CAR INSURANCE. If you rent, lease, or borrow a car, you will need a green card, or International Insurance Certificate, to certify that you have liability insurance and that it applies abroad. Green cards can be obtained at car rental agencies, from car dealers (for those leasing cars), from some travel agents, and at some border crossings. Rental agencies may require the purchase of theft insurance in countries that are considered high-risk. Remember that if you are driving a conventional vehicle on an unpaved road, you are almost never covered by insurance; ask about this before leaving the rental agency. Always ask if prices quoted include tax and insurance against theft and colli-sion; some credit card companies cover the deductible on collision insurance, allowing their customers to decline the collision damage waiver. Be aware that cars rented on American Express or Visa/Mastercard Gold or Platinum credit cards in Europe might not carry the automatic insurance that they would in some other countries; check with your credit card company.
M DRIVING PRECAUTIONS. When traveling in the summer or in the desert, bring substantial amounts of water (5L of water per person per day) for drinking and for the radiator. For long drives to unpopulated areas, register with police before beginning your trek, and again upon arrival at your destina tion. Check with the local automobile club for details. When traveling long dis-tances, make sure tires are in good condition and have enough air, and get good maps. A compass and a car manual can also be very useful. You should always carry a spare tire and a jack, jumper cables, extra oil, flares, a flash light, and heavy blankets (in case your car breaks down at night or in the win ter). If you don’t know how to change a tire, learn before heading out, especially if you are planning to travel in deserted areas. Blowouts on dirt roads are exceedingly common. If you do have a breakdown, stay with your car; if you wander off, there’s less likelihood that trackers will find you.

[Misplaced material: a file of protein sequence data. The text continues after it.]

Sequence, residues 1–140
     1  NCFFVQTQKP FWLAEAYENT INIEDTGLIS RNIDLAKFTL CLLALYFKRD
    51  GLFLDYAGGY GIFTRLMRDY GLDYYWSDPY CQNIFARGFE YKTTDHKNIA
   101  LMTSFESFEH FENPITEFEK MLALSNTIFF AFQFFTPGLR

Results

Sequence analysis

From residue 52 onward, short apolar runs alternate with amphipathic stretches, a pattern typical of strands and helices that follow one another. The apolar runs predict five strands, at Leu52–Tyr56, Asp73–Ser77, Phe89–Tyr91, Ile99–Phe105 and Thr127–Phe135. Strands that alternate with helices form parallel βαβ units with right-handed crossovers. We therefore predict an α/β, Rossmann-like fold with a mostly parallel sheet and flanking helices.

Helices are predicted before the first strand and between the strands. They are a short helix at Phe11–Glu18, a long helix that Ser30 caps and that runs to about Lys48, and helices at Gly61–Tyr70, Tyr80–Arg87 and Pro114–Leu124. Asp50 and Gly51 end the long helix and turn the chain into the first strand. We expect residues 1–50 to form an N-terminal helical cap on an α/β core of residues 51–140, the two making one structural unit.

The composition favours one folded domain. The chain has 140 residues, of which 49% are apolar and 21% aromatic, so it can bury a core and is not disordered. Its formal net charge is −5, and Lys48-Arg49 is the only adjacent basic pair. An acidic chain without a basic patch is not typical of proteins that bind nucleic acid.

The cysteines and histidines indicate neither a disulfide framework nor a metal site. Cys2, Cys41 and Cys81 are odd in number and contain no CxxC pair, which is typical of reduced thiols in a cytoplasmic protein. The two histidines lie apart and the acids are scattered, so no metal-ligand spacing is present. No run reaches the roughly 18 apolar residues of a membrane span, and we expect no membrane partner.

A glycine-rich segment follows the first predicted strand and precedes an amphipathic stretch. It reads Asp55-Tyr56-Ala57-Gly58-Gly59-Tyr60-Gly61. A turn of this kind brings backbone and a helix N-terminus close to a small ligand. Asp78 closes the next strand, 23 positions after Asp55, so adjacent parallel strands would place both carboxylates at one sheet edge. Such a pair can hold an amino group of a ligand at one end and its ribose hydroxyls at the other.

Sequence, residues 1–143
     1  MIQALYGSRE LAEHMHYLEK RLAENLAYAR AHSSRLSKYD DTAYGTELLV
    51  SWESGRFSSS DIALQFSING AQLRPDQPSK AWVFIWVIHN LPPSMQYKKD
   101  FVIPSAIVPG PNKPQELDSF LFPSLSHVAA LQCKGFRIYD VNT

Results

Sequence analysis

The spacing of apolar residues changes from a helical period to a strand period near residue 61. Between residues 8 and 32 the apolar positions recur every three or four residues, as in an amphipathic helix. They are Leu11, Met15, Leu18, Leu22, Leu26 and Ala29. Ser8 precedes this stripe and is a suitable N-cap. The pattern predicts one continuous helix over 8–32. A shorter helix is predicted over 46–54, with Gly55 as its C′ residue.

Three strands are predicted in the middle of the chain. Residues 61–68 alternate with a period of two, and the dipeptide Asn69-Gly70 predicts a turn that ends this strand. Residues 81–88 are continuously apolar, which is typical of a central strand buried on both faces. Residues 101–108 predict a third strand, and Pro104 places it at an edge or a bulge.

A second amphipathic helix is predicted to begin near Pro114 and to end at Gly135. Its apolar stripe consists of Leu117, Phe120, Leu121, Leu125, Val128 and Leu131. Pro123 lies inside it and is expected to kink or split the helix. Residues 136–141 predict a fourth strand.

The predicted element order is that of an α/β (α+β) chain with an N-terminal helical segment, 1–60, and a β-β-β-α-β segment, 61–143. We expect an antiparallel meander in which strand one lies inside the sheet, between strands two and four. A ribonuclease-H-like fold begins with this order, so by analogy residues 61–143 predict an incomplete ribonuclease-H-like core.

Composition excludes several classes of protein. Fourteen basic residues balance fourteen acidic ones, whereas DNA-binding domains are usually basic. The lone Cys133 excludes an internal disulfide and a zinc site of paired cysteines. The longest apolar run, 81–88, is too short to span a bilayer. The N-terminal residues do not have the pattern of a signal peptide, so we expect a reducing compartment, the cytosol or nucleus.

Simple though this action was, the challenge of loading this device was indeed daunting. Top 10 best countries to visit Such a long and difficult task, which was also somewhat hazardous, could be made worse by misfirings, or discharging without intent to fire. A Virginia sentinel in 1611 would be required to shoulder his piece, both ends of his match being alight, and his piece charged, and primed, and bullets in his mouth, there to stand with a careful and waking eye, until such time as his Corporal shall relive him. As with any other necessary device or tool, matchlocks would undergo a long series of changes and alterations, finally developing many of the features of the later flintlock firearms.
Some of the earliest examples of matchlocks came to the New World with the very first expeditions, and in these accounts they are usually referred to as arquebuses. The word musket did not appear until the 1540 account of the Coronado expedition. But by the year 1578, muskets clearly were in use in Spanish Florida. For a period of about 150 years, the matchlock saw service throughout the colonies, but it was not the principal projectile weapon for about half of that time. By the last quarter of the seventeenth century, its use had effectively disappeared in the colonial areas. There are several important reasons for the matchlock’s decline. It was slow, it was very heavy, it required the user to carry additional weight in powder, and it was inaccurate. Another disadvantage was the lighted match, which could cause an accidental discharge or could even ignite the additional powder being carried by the shooter. This occurred to Captain John Smith in 1609, when a lighted match set off loose powder in his pocket and caused severe burns.
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